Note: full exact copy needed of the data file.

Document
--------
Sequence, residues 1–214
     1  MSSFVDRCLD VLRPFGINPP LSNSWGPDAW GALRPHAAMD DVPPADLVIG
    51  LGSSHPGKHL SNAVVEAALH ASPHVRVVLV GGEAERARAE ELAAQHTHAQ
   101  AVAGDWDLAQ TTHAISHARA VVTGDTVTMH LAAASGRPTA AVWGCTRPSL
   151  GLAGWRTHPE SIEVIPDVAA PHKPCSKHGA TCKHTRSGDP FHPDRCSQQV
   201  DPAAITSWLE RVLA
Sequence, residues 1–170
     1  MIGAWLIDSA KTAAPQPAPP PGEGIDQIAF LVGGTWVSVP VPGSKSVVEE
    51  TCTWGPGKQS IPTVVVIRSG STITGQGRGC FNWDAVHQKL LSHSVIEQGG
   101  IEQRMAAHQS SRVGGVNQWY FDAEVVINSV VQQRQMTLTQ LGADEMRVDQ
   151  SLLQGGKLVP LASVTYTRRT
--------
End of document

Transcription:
Sequence, residues 1–214
     1  MSSFVDRCLD VLRPFGINPP LSNSWGPDAW GALRPHAAMD DVPPADLVIG
    51  LGSSHPGKHL SNAVVEAALH ASPHVRVVLV GGEAERARAE ELAAQHTHAQ
   101  AVAGDWDLAQ TTHAISHARA VVTGDTVTMH LAAASGRPTA AVWGCTRPSL
   151  GLAGWRTHPE SIEVIPDVAA PHKPCSKHGA TCKHTRSGDP FHPDRCSQQV
   201  DPAAITSWLE RVLA
Sequence, residues 1–170
     1  MIGAWLIDSA KTAAPQPAPP PGEGIDQIAF LVGGTWVSVP VPGSKSVVEE
    51  TCTWGPGKQS IPTVVVIRSG STITGQGRGC FNWDAVHQKL LSHSVIEQGG
   101  IEQRMAAHQS SRVGGVNQWY FDAEVVINSV VQQRQMTLTQ LGADEMRVDQ
   151  SLLQGGKLVP LASVTYTRRT